2005 Salt Lake City Annual Meeting (October 16–19, 2005)

Paper No. 8
Presentation Time: 10:10 AM


HOCHSTETLER, Bethany I., Department of Geology, University of Akron, Office for Terrestrial Records of Environmental Change, Akron, OH 44325-4101 and SASOWSKY, Ira D., Department of Geology & Center for Environmental Studies, University of Akron, Office for Terrestrial Records of Environmental Change, Akron, OH 44325-4101, bih2@uakron.edu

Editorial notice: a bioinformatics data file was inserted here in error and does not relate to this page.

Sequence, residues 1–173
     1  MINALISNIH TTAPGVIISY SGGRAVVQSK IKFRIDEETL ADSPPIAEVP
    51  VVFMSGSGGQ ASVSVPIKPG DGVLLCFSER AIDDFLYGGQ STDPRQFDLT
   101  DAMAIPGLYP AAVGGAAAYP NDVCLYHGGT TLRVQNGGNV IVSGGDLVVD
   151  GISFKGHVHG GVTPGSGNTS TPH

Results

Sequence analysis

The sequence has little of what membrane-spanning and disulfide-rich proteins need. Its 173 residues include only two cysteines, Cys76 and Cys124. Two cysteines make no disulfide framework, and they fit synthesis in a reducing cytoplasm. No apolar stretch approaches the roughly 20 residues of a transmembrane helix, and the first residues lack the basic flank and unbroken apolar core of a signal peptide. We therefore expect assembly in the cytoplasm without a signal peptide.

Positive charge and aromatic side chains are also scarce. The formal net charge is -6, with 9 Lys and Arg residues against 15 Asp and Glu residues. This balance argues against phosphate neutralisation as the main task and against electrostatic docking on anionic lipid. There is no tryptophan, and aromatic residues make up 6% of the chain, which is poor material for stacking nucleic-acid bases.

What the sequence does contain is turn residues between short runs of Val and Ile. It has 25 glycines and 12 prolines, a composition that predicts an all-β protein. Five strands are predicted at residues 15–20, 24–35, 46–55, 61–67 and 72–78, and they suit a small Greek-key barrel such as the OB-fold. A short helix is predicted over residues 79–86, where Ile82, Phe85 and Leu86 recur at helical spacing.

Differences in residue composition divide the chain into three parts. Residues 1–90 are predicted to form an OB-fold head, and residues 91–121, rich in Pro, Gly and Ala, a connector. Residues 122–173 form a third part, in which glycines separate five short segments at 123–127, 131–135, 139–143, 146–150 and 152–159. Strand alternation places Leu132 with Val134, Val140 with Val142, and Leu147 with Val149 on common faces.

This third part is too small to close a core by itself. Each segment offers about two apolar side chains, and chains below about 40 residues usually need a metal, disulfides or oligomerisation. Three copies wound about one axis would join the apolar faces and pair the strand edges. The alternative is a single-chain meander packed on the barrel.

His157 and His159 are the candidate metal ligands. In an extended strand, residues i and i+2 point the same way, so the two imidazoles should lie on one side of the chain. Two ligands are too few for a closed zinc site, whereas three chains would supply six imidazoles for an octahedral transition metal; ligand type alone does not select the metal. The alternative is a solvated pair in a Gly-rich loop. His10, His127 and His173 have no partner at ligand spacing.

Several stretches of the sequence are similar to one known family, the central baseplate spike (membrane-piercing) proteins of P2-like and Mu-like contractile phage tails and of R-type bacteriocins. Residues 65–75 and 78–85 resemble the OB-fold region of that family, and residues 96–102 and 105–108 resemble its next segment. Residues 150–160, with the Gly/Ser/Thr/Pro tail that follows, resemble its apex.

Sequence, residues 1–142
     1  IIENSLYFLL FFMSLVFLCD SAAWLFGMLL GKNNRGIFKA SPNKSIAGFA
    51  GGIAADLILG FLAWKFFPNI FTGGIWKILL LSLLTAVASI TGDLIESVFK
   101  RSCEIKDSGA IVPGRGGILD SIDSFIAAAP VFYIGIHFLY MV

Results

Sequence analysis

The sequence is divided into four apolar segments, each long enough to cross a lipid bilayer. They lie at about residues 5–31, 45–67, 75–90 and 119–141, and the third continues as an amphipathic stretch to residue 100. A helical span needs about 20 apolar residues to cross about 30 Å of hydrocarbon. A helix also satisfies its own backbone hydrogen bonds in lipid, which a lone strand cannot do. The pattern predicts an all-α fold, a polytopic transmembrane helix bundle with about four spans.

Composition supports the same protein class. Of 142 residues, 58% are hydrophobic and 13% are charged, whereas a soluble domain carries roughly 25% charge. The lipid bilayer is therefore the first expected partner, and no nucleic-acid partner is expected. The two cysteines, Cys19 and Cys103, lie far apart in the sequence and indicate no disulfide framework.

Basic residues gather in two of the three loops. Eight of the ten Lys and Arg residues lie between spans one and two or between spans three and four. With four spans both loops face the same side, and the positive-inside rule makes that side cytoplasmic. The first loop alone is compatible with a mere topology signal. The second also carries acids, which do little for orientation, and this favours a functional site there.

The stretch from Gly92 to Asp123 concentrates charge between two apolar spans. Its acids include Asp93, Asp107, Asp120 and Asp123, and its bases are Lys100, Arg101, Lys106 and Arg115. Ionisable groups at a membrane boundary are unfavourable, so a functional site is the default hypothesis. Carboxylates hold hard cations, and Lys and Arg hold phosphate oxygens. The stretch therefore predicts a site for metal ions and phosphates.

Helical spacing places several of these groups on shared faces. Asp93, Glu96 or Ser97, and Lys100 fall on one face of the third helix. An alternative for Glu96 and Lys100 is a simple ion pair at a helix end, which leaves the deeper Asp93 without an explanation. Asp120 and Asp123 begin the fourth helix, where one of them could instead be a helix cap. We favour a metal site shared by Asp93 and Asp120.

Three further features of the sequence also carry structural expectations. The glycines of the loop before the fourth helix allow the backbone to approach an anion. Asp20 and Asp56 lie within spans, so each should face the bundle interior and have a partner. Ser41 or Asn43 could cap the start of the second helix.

We investigated the depositional patterns of clastic cave sediments in four caves in Greenbrier and Monroe Counties of West Virginia to test whether deposits found in a single karst conduit are representative of basin-wide or regional paleoenvironmental conditions. If no other variables obscure such signals, conduits that were hydrologically active during the same time should retain similar sedimentary records, documenting terrestrial paleoenvironmental conditions. While numerous sediment studies have been conducted in caves, no study has verified or challenged the assumption that sediments accurately record previous environmental conditions for a given region.  Caves were selected on the basis of proximity to each other, similar geology, presence of discrete input to long conduits, and apparently similar ages.  Within the cave systems there is limited stacking of passages, reducing the complexity of sediment deposition. Stratigraphic columns were constructed in the field and samples were collected for sediment (grain size, lithology), environmental magnetic (xlf, xfd, ARM, IRM), and paleomagnetic analyses. Magnetic particles behave differently given the environmental condition, so in essence, environmental magnetism provides a proxy for paleoenvironment.  Due to erosion and depositional complexities it was a challenge to find complete sedimentary sections.  Sediment analyses indicated that samples ranged in size from clay to cobbles and many samples analyzed for paleomagnetism showed normal polarity.  Taken in context with the landscape, this suggests that the conduits have been active for less than ~1Ma.  Catchment areas are underfit to conduit dimensions, which is expected as surface drainages evolve and become pirated to other conduits.  Some samples analyzed for environmental magnetic parameters demonstrated high magnetic susceptibility, corresponding to warmer periods by increased production of magnetic minerals due to soil-forming processes occurring outside of the caves.  A clear relationship existed between different passages in the same cave, but correlating became more difficult for passages in different drainage basins.  While sediments may be used for regional paleoclimate correlation, the best results were obtained when using magnetic variability for basin-wide correlations.